A vole, a rodent, forages on plants. Photo: Alabama Cooperative Extension Service.
A couple of weeks ago, Merle, a gardener, had asked about managing watermelon damage by wildlife, but he did not know the species causing the damage. Since then, Merle found a vole that his cat had killed, and he suspects that animal may be responsible for damage on his watermelons. This gardener is interested in using repellents rather than toxicants or poisons.
AHA consulted with Dr. Ashley Long, a wildlife specialist with the AgCenter. Dr. Long shared these recommendations for reducing the impacts of a vole infestations, “Here are some tips for managing voles:
Mouse traps and vegetation management are going to be their best options at this time of year, but if they really want to use a repellent, they should look for products with capsaicin (often come in tablet or pellet form) - please remind them to keep pets and kids away from the area. May take several applications if there is a lot of rain when they are applying it to the area.
They can make their own pepper spray pretty easy: boil 1 gallon of water and 3 tbsp of hot pepper flakes (or 10 chopped jalapenos) for 15 minutes, leave sit for 24 hours, strain off the pepper flakes or pepper slices, then add 2 tsp of biodegradable dish soap to the remaining liquid. Then apply to any visible runways in the garden or along the perimeter, I’m suggesting that because most people recommend that you only apply it to fruit bearing plants before the fruit sets or after the fruit is harvested, capsaicin can burn the leaves of the plant, and you need to be careful when you harvest or prep the produce after you’ve applied the solution.”
Persimmon seedling from a long root. Photo: Jacob Mott.
Jacob is fighting a regular weed in his lawn, “[I am] looking for some insight. I have a few pictures of a plant I would like to identify.
The plant continues to grow back. I find it extremely hard to kill. It also continues to sprout new saplings in different locations around the yard. The plant has a long single root system that grows shallow.”
A little later, Jacob sent some more information, “It’s been awhile since I used Roundup™. I do not remember significant results, other than some burned leaves from the product. [It] seemed like [the weeds] came back 2-3 weeks after. I have used salt directly on the leaves, [I saw only] temporary results. [Then I] used a shovel to cut the saplings, [and] they continue to grow. “
“I sent a pic…of root structure. I have not dug up the roots like this before, [and this long root] … may be my answer [to my weed issue]. The main root is long, [and it is] unknown how far it goes. Diameter is about one inch to an inch and a half with saplings growing from main root.”
The seedlings are identified as American persimmon. Jacob is correct in removing the offending root to control the weedy seedlings in his landscape.
A packet of mystery seed from China. Photo: Keith Hawkins, LSU AgCenter.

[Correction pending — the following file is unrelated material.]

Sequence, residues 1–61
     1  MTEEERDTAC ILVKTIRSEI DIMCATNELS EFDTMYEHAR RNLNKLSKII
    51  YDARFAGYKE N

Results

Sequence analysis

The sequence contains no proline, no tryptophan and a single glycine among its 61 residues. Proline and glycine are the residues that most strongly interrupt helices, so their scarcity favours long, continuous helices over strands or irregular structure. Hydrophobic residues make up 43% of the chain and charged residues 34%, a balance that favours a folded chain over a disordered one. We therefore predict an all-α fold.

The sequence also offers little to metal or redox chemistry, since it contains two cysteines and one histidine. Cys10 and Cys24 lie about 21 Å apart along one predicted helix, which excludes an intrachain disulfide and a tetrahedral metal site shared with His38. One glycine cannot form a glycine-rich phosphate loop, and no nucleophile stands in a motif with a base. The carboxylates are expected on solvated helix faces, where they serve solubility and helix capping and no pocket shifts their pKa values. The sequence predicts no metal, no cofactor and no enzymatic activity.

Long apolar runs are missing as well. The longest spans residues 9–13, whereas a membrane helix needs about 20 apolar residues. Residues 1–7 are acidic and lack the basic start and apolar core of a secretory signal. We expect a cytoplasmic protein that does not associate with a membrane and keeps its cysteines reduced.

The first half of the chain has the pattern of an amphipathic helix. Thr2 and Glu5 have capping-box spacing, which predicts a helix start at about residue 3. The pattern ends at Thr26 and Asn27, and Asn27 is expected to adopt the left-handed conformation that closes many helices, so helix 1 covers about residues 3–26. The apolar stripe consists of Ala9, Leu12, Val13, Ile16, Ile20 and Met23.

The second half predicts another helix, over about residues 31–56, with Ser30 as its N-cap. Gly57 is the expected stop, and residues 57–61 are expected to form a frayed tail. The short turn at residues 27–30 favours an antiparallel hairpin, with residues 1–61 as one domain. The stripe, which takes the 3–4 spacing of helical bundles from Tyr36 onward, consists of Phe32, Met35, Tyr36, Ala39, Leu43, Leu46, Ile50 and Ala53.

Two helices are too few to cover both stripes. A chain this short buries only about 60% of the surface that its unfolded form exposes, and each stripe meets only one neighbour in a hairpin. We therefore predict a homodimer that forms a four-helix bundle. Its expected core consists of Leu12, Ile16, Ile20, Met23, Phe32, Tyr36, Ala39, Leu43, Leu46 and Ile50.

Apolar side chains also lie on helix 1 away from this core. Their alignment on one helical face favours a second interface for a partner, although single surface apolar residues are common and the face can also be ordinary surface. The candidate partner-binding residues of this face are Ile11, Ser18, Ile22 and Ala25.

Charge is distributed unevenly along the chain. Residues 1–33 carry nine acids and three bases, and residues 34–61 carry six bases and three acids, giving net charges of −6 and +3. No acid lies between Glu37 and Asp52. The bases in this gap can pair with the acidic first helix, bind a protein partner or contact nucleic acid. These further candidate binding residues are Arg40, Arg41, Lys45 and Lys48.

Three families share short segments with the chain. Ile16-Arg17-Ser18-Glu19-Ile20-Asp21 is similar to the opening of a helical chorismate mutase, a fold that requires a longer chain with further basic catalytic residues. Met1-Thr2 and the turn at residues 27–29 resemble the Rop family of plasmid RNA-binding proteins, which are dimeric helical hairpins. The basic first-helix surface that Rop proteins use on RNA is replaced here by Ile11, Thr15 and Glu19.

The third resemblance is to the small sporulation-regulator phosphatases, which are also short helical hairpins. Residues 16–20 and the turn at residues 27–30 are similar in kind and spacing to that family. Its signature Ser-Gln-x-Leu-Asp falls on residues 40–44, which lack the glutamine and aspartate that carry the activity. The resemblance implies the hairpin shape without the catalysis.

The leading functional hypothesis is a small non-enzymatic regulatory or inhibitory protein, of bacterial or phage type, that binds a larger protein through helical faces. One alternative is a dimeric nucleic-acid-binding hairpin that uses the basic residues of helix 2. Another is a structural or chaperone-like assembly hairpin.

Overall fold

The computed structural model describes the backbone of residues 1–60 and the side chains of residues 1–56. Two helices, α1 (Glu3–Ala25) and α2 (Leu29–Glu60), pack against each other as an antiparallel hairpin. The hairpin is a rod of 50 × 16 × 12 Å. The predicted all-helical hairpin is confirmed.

Danny came by the AgCenter with a packet of mystery seed from China. He took the precaution of spraying the unopened packet with Lysol™ and inserted in a Zip-Loc™ sac.
Danny responded responsibly by bringing the seeds to the AgCenter. Extension agents in each AgCenter office have instructions to send these packets to the USDA in Baton Rouge for inspection and analysis. If you receive any of these mystery seeds, contact your local AgCenter office for guidance on handling these packets.
If you received a seed packet, your personal identity may be compromised. CBS News reports, “The Agriculture Department has said the packages are most likely part of a ‘brushing’ scam, in which a seller sends unsolicited items to someone and then posts false positive customer reviews to boost sales.”
"Brushing scams involving seed packets in international mail shipments are not uncommon," the USDA said. "U.S. Customs and Border Protection (CBP) has intercepted similar seed shipments in recent years."
“Phylissia Clark of the Better Business Bureau told CBS DFW that if you are a victim of brushing, ‘your identity has been compromised.’”
Mongolian goji berries. Photo: LSU AgCenter.
Jackie, a Master Gardener, sent this question to AHA, “Do you know where I can get goji berry plants to plant next spring?” The short answer to Jackie’s question is “online”. Several retail internet nurseries offer the goji plants for sale.
Dr. David Himelrick, retired AgCenter specialist, wrote an article, “Growing Goji Berries, the Latest ‘Superfruit’” because goji berries “have extraordinary antioxidant and nutrient qualities and provide benefits over and above the basic nutrition. Antioxidants are man-made or natural substances that may prevent or delay some types of cell damage.” Dr. Himelrick continues discussing how to grow goji plants in the remainder of his article which is available on www.lsuagcenter.com .
If you want to contact Roots, Shoots, Fruits and Flowers, please send your questions and pictures to Keith Hawkins, Area Horticulture Agent (AHA), 337-463-7006 or firstname.lastname@example.org. Also, you can be on the “green thumbs” email list by emailing your request to the address above.
“Before you buy or use an insecticide product, first read the label, and strictly follow label recommendations. Mention of trade names or commercial products in this article is for informational purposes only and does not constitute endorsement by Louisiana State University AgCenter.”
“This work has been supported, in part, by the USDA National Institute of Food and Agriculture, Renewable Resources Extension Act Award, Accession Number 1011417.”